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Stefan Dziemianowicz reviews Best New Horror #27


Best New Horror #27, Stephen Jones, ed. (Drug­store Indian Press, 978-1-78636-066-3, £12.99, 546pp, tp) January 2017

Steve Jones’s Best New Horror #27 features a grisly cover image reproduced from Chamber of Chills, a short-lived comic from the early 1950s that was a casualty of Fredric Wertham’s Seduction of the Innocent and his notorious crusade against violent comic books. It’s a reminder of the days when horror was packaged pretty much the way everybody expected it to look – garish and bloodcurdling. Although Jones has chosen the image for nostalgic reasons, his selections for his anthology contrast notably with it. Some have their moments of physical horror, but all 17 stories show the artistry that horror’s best writers achieve in their work.

The volume leads off with ‘‘The Coffin House’’, one of a handful of stories by the late Robert Aickman (who died in 1981) that eluded publication until 2015. Aickman’s best stories are masterpieces of oblique horror in which characters find themselves slipping into a world of strange and sometimes nightmarish experiences, and this tale – about two young women on a walk in the country who become trapped in a house with two elderly lunatics (or are they?) – is one of his signature excursions into the macabre. Jones has also selected two stories from a tribute anthology to Aickman’s fiction, Aickman’s Heirs: John Lan­gan’s ‘‘Underground Economy’’ and Daniel Mills’s ‘‘The Lake’’, the latter of which is punctuated by a haunting image as inexplicable and disturbing to its characters as it is to the reader. Tribute anthologies have become a staple of the horror field in recent years and Jones has tapped several others for their best selections, including Helen Marshall’s ‘‘Expo­sure’’, a tale of a stranger in an even stranger land from an anthology that pays homage to Robert W. Chambers’ landmark weird collection, The King in Yellow, and Richard Gavin’s ‘‘The Barnacle Daugh­ter’’, which finds a novel approach for a story set in the increasingly overworked terrain of Lovecraft’s ‘‘The Shadow Over Innsmouth’’.

As with Aickman’s Heirs, Jones double dips from several other sources for his selections. Two stories from Terror Tales of the Ocean use the seaside as a backdrop for intensely personal dramas. In Lynda E. Rucker’s ‘‘The Seventh Wave’’, another of her excellent psychological portraits of an isolated character in a state of emotional crisis, the narrator describes the devastating seaside tragedy that took her family from her in terms that make it seem an externalization of her long-troubled state of mind. Similarly, in Conrad Williams’s ‘‘The Offing’’, the turbulence and horrifying alienness of the sea serves as a correlative to the dysfunctional behavior of the family it profiles. The 2nd Spectral Book of Horror Stories provides Jones with another two stories: Kurt Fawver’s ‘‘Marrowvale’’, in which a writer travels to a remote Pennsylvania town to investigate one of its bizarre Halloween traditions and discovers to his misfortune that it is rooted in something worse than mere eccentricity, and ‘‘The Larder’’, in which Nicholas Royle manages the ingenious feat of invest­ing a wildlife guide about birds and their predatory habits with ominous significance for the narrator and his relationship with his lover.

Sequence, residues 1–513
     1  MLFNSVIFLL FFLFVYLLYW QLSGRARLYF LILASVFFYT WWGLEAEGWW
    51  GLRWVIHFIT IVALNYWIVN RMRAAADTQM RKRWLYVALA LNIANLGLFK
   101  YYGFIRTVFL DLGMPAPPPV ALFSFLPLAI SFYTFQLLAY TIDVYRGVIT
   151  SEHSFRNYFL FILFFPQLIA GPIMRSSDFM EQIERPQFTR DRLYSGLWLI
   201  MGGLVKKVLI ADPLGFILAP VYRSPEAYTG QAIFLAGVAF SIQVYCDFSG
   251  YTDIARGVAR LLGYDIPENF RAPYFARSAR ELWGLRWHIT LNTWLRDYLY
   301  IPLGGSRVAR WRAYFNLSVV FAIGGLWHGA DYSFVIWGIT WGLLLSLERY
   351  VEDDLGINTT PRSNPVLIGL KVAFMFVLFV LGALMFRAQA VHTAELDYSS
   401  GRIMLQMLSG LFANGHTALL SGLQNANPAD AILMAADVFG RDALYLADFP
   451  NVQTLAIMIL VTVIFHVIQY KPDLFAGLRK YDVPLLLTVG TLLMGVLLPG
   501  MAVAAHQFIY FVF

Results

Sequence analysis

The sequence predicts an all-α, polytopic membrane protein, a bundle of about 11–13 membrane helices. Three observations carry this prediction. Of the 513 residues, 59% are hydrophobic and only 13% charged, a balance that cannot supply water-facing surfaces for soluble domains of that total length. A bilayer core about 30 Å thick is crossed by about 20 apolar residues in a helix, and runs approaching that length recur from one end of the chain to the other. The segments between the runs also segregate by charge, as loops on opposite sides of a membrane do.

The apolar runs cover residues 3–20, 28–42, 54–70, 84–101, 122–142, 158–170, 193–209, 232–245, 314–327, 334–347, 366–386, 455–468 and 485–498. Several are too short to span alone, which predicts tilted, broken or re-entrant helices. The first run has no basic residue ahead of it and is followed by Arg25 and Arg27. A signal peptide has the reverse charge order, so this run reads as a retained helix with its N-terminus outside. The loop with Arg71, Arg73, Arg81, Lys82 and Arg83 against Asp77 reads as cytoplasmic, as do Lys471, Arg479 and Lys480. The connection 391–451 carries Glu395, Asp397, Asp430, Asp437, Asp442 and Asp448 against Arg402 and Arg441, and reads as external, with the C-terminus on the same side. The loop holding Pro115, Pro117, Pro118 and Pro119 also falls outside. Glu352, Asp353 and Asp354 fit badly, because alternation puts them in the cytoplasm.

Jones’s other selections show the wide variety of horror story being written today. Storm Constantine’s ‘‘In the Earth’’ is a bad-seed tale laced with super­natural portents. Gemma Files’s ‘‘Hairwork’’ (also picked up for Year’s Best Weird Fiction: Volume 3) is a haunting of account of a family legacy of black magic, handed down through a slave bloodline from the antebellum south to contemporary times. Ron Weighell’s ‘‘The Chapel of Infernal Devotion’’ is, like most of this author’s work, very much in the antiquarian ghost story tradition. Steve Rasnic Tem’s ‘‘In the Lovecraft Museum’’ is an extraordinary novella-length work which uses references to Love­craft and concepts in his fiction to illuminate its main character’s sense of detachment from his world and inability to connect in any meaningfully intimate way with others. No Cthulhu Mythos pastiche this: it’s a superb example of how one writer can appropriate ideas implicit in the work of another writer and use them to serve the needs of his own concerns and style.

As in years past, Jones brackets the book’s fiction selections with a far-ranging introductory survey of horror in a wide variety of media for the year and a ‘‘Necrology’’ of deaths relevant to the horror field, compiled with Kim Newman. At nearly eighty pages, the ‘‘Necrology’’ bulks almost as large as Jones’s Introduction and is absolutely invaluable for showing the reach of the horror genre and how many people have contributed to it in its many forms over the past century.

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